Being either transgender or an immigrant hasn’t been easy in this country over the last few years, but there are signs that there’s a gradual social progression forward as people become more accepting of both groups.
With that in mind, if you’re a trans immigrant, there are things you need to know about how the United States Citizenship and Immigration Services (USCIS) handles gender changes on important documents.
When will the USCIS recognize your gender identification?
USCIS policy says that an immigrant’s gender change must be recognized by immigration authorities “when a court or government with jurisdiction recognizes the change, or when a licensed health care professional certifies that the requested gender designation is consistent with that person’s gender identity.”
In practical terms, that means that you can obtain new secure identity documents that reflect your correct gender (and your new name, if you have already completed that process) with nothing more than a letter from your doctor. You cannot be required to prove (or have) sex reassignment surgery in order to obtain the new documents.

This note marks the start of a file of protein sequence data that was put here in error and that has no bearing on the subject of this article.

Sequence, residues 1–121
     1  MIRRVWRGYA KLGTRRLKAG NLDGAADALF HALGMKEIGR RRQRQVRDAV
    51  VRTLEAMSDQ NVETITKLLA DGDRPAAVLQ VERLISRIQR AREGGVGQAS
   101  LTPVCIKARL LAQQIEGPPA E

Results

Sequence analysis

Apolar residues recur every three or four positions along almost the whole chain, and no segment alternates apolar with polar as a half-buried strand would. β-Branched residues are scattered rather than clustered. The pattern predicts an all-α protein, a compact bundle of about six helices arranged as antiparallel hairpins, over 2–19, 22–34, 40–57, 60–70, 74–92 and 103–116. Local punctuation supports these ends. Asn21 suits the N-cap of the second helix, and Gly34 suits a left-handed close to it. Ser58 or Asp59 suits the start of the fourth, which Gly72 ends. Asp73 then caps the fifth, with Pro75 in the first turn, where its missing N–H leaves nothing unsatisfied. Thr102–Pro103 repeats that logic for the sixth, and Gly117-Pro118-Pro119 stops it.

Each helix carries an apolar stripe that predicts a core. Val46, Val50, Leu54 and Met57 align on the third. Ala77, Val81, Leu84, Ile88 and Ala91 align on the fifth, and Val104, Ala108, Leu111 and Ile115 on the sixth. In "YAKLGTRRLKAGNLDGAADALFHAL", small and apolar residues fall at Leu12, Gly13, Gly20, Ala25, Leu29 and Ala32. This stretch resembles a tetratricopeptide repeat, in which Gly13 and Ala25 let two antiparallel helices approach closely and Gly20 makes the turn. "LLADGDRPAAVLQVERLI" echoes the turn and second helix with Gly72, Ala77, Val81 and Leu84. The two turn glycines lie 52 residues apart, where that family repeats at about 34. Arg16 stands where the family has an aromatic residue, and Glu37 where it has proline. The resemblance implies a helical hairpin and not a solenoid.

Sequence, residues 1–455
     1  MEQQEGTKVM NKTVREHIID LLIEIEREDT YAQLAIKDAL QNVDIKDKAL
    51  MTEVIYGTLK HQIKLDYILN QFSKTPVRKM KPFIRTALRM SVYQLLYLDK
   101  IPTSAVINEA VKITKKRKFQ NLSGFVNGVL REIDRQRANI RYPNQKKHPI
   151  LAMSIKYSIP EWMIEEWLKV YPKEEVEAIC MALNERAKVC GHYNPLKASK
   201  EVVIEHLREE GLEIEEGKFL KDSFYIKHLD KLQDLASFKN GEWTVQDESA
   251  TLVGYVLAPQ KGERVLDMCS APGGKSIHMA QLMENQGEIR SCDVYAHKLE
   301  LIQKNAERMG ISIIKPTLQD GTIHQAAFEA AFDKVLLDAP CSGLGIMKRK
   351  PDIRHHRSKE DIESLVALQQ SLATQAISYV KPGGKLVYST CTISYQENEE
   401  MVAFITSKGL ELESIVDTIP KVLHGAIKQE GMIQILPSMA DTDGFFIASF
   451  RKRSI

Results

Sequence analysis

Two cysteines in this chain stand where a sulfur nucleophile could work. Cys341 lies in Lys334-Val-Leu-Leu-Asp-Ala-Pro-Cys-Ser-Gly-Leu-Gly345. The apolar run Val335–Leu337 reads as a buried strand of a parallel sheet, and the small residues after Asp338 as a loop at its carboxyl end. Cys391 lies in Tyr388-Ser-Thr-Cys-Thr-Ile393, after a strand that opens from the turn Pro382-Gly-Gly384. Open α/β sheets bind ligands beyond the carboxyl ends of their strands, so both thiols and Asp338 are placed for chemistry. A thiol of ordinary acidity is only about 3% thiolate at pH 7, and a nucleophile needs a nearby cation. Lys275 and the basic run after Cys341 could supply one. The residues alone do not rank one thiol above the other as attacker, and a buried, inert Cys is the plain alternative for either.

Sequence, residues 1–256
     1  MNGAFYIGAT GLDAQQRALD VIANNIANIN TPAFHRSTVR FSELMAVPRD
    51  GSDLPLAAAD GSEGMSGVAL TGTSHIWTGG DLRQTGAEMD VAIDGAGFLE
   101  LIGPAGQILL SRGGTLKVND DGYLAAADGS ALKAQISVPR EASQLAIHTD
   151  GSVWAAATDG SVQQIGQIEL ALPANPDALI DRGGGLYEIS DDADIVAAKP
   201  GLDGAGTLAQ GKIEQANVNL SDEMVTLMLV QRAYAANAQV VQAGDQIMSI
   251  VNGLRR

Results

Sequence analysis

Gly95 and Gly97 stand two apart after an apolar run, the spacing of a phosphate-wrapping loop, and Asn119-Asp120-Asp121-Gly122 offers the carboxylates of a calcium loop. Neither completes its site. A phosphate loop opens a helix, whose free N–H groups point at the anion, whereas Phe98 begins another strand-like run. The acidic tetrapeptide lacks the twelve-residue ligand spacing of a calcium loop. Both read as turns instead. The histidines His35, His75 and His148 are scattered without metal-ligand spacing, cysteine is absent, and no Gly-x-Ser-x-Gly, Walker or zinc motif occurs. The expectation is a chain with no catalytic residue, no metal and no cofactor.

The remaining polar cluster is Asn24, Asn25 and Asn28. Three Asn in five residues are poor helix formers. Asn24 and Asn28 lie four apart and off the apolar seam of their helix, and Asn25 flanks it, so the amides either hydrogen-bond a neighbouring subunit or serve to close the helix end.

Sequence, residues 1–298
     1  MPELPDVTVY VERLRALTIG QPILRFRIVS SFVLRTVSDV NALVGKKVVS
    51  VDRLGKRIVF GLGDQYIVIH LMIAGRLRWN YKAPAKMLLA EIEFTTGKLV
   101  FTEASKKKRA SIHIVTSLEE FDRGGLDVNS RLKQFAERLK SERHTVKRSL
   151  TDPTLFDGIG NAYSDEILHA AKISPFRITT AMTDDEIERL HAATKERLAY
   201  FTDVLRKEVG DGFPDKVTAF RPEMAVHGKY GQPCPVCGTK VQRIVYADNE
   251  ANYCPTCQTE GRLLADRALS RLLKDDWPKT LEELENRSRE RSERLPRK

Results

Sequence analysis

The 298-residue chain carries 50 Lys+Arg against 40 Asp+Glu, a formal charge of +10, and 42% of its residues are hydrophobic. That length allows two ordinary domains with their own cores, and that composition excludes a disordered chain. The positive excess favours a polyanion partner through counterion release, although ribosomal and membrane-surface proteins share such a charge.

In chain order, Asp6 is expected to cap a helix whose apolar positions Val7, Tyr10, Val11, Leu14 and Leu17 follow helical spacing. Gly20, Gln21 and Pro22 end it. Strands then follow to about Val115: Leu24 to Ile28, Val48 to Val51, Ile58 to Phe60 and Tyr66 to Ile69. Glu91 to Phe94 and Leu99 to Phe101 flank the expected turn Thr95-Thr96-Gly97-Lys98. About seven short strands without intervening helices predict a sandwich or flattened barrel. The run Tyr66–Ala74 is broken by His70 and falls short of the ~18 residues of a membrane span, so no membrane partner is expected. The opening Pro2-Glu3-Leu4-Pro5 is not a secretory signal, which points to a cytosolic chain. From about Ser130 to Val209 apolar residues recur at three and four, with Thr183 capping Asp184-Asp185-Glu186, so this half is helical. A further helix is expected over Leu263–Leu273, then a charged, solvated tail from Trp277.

If your immigration case is pending with USCIS, you should make sure that you immediately update the agency about the change. Trans immigrants who have a work visa, a green card, naturalization papers or citizenship should also immediately request updated documents to make sure that they are able to access all the benefits to which they may be entitled without discrimination or delays.
It can be very intimidating to work through the process of updating your information with USCIS, especially when you’re conscious of the prejudices people may carry. Having legal assistance to guide you through the process can take some of the burdens off your shoulders.